On August 11, 2014, President Peña Nieto approved the energy reform initiative. It ended political gridlock and decades of a monopoly controlled oil sector. According to Reuters, it phased out subsidies that kept retail fuel cheap, sending prices at the pump soaring by 25 percent since 2014, despite a haircut in crude prices on the CME exchange. With elevated oil prices, cartels, who are well versed in extorting other sectors including agriculture, transport and mining, were then able to use the same practices and target refineries.
Using the habitual narco offer of “plata or plomo,” or “silver or lead,” gangs extort refinery workers into providing crucial information. Their tactics, coupled with fighting between groups jockeying for access to the racket, have led to a surge of violence in cities like Salamanca, home to a third of the fuel taps discovered in Mexico in 2016.
Mutilated corpses of refinery workers, police and suspected fuel thieves increasingly appear around the city, terrifying its 260,000 residents. Cartels routinely festoon Salamanca with “narcomantas,” banners that mark territory or spell out grisly threats to rivals.
In Guanajuato, the surrounding state, investigators opened 1096 murder cases last year, 14 percent more than in 2016. That is a 71 percent increase over 2013, Peña Nieto’s first full year in office.
Interviews with Pemex and Mexican security officials, authorities in Guanajuato and locals affected by fuel theft describe an increasingly desperate situation for the industry and the regional economy. Interviews with Arredondo, the former pump technician, and Juan, a cartel member and admitted killer turned federal informant, show the heavy toll inflicted on people on both sides of the theft.
Reuters describes the current situation at the Salamanca refinery, the second-oldest Mexican refinery in operation.
It was part of a nationalistic push by Mexico, 12 years after the government expropriated foreign oil assets and created Pemex, to assert economic and industrial might. Located in Guanajuato because of the state’s central geography, with easy access to Mexico City and far-flung corners alike, the refinery became a symbol of progress. It put Salamanca, previously a farming town in a sea of sorghum fields, on the map.
Quickly, though, Salamanca and the refinery would also come to be associated with some of the deadly risks of the oil business. José Alfredo Jiménez, a legendary singer of Mexico’s traditional ranchera music, penned a still-famous song after a brother died after getting sick at the refinery in 1953.
“Guanajuato Road,” as the song is titled, leads to places where “life has no value,” he sang. “Don’t pass through Salamanca,” he continued, “the memory pains me there.”
The refinery grew to dominate the local economy, its fortunes rising and falling along with those of the Mexican oil industry. Although thieves targeted the pipelines leading to and from the facility, they rarely caused significant loss.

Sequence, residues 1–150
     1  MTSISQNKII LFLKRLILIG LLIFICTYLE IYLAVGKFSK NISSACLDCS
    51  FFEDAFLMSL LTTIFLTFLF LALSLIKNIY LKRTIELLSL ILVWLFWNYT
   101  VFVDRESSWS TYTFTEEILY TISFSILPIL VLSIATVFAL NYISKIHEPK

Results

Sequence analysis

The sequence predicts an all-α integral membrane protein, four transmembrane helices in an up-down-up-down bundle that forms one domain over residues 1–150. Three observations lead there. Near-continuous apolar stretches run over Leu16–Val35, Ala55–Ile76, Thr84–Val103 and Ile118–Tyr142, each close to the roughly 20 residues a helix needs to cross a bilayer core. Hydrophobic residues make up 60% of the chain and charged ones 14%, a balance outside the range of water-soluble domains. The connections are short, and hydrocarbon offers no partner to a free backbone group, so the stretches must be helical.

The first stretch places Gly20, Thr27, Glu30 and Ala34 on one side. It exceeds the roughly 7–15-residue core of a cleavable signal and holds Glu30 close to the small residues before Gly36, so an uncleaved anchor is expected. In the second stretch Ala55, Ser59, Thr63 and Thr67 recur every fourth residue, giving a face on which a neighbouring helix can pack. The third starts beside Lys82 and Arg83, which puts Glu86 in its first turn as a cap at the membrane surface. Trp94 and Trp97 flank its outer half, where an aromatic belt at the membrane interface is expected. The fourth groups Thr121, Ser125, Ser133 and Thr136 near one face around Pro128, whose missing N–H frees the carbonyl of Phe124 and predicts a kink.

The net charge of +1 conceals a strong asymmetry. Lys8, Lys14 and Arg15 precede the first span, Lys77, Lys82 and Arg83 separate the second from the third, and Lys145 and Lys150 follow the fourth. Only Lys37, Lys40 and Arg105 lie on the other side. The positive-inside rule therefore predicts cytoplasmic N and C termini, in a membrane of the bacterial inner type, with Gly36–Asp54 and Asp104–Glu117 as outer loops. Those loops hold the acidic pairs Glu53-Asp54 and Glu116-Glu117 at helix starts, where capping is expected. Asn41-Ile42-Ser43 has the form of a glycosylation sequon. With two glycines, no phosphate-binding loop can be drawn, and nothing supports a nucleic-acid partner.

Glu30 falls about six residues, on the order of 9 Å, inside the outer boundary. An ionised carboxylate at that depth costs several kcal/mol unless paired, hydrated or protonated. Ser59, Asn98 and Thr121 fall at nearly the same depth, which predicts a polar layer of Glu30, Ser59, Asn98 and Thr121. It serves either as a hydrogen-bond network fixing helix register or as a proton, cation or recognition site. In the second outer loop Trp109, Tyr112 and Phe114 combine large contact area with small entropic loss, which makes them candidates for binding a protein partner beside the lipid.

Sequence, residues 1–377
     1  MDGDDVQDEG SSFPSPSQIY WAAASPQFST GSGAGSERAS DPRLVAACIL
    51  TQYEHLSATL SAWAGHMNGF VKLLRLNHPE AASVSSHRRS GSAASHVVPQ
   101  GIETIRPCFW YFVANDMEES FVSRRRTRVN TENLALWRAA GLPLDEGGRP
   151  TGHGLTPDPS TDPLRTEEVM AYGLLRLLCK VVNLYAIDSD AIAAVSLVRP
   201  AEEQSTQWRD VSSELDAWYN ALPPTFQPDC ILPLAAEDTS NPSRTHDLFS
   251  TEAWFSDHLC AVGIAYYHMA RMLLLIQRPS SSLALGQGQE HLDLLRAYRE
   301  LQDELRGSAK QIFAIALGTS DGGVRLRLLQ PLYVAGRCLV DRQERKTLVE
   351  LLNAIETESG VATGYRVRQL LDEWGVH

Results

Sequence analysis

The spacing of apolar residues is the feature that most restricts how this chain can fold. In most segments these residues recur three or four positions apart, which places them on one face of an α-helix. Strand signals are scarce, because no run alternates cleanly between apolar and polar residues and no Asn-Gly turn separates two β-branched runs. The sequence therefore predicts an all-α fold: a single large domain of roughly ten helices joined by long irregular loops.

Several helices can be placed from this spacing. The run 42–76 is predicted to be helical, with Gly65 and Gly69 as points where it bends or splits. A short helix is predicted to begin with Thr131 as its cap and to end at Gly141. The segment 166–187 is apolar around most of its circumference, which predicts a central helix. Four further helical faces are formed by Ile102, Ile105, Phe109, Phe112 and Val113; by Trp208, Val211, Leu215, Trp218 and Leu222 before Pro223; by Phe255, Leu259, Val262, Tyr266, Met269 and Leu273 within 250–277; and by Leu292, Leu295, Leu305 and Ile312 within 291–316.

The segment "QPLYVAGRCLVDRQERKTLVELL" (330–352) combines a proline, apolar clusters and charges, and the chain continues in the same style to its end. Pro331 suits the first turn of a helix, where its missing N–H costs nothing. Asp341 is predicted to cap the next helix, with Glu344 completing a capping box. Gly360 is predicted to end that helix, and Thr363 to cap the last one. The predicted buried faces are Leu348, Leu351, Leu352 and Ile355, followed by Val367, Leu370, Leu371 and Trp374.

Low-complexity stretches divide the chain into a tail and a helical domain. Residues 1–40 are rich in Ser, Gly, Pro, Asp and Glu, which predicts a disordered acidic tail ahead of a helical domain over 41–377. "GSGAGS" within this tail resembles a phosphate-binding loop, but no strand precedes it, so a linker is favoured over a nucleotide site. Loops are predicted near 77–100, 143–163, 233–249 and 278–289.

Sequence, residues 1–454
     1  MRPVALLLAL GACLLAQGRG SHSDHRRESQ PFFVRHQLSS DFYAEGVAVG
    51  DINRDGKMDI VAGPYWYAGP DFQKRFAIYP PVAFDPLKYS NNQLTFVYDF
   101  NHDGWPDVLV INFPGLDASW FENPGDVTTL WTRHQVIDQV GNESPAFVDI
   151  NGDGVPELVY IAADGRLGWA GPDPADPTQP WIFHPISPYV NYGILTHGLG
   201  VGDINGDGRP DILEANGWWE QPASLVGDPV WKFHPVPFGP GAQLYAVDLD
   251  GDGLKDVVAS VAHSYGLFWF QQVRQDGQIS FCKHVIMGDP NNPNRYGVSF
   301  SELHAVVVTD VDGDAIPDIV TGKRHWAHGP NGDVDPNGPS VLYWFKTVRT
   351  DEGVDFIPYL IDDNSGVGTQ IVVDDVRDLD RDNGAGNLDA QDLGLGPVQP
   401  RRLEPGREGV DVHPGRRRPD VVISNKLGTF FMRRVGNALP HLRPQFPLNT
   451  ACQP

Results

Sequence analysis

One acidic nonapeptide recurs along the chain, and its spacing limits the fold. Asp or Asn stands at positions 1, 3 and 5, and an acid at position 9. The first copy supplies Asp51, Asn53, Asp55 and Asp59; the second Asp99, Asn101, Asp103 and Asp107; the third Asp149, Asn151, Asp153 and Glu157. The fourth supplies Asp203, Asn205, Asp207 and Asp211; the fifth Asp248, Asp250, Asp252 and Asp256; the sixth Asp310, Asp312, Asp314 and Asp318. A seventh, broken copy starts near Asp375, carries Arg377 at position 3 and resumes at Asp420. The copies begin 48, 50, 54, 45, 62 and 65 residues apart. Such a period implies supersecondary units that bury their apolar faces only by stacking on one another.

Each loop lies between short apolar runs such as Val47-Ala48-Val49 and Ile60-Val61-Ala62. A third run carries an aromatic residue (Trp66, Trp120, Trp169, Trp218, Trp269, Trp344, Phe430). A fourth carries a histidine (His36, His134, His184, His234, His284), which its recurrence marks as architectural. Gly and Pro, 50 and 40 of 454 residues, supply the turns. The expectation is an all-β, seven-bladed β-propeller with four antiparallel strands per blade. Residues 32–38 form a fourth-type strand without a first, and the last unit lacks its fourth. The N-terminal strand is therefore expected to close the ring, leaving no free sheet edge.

Efforts to lure in private energy investment into Mexico has been lackluster, due to the oil thefts and out of control violence.
Last month, Pemex reached a preliminary deal with Japan’s Mitsui & Co Ltd to complete a $2.6 billion coking plant at its refinery in Tula de Allende, north of Mexico City, according to two people familiar with the decision.
But Pemex officials last year sought separate refinery funding from companies including Valero Energy Corp and Tesoro Corp, according to two people familiar with those efforts. Neither company was interested.
Mitsui, Valero and Tesoro, which last year changed its name to Andeavor, declined to comment.
“There is no incentive to invest in the Mexican refining system,” said John Auers, executive vice-president of Turner, Mason & Company, a global refining consultancy, citing “organized crime and corruption.”
The report commissioned by Mexico’s energy regulator assigns blame inside and outside the sector. “The problem is corruption, not just in security and judicial services, but also inside Pemex,” it read.
In a public statement, Pemex promised to crack down on the oil thefts, as the company continues to hemorrhage crude products from its facilities to drug cartels. In an attempt to curb the soaring threat, the company said in October that it had fired employees at Salamanca’s storage and distribution center, who provided insider information about Pemex’s operations to cartels.
“What we’re starting to see is that we’re approaching the end,” Pemex Chief Executive José Antonio González Anaya told lawmakers recently, referring to what he described as gains against fuel thieves. In late November, Peña Nieto named González Anaya finance minister and announced a new Pemex chief.
While the government has had mild success in fracturing the drug cartels into smaller units, organized crime has shifted from drugs into the oil industry. Cartels are now stealing billions of dollars in oil from Pemex, which decreases revenue for the federal government. If revenue declines, the government will have trouble funding programs designated to fight cartels. The situation has become critical in Mexico, as the country’s largest refinery is a “shithole.”